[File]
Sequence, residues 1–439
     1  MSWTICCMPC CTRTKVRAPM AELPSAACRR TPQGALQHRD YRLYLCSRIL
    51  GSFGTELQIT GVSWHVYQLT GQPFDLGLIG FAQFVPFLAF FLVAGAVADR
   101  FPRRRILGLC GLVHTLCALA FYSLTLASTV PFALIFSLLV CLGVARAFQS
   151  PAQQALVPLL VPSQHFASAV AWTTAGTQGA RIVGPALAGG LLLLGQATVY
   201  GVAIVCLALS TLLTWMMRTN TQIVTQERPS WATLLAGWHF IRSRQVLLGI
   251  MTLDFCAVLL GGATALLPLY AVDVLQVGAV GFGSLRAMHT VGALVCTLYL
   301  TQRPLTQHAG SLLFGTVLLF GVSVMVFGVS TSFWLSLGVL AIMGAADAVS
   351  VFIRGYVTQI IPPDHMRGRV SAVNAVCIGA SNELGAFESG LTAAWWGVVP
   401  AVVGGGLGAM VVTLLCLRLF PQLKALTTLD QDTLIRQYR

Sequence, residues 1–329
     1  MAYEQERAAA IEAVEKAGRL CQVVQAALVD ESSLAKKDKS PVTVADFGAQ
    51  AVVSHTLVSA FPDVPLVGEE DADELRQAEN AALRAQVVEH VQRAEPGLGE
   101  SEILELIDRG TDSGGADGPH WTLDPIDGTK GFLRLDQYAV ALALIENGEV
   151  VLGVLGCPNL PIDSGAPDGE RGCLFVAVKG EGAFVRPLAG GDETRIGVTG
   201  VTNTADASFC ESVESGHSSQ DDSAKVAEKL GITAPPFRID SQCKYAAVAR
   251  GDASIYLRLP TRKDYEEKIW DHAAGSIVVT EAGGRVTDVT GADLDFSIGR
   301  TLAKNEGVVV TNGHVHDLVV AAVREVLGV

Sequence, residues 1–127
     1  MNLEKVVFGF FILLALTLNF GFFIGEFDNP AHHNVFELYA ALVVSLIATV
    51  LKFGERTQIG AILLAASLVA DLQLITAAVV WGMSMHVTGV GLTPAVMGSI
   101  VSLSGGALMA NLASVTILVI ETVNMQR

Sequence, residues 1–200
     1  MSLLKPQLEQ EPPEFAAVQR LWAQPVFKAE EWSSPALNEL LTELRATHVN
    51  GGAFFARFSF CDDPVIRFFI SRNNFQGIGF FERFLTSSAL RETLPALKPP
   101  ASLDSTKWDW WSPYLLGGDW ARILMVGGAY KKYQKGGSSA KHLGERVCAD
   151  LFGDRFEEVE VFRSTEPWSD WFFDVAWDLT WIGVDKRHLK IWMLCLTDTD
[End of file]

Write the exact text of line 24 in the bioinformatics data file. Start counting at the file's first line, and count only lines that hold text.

     1  MSLLKPQLEQ EPPEFAAVQR LWAQPVFKAE EWSSPALNEL LTELRATHVN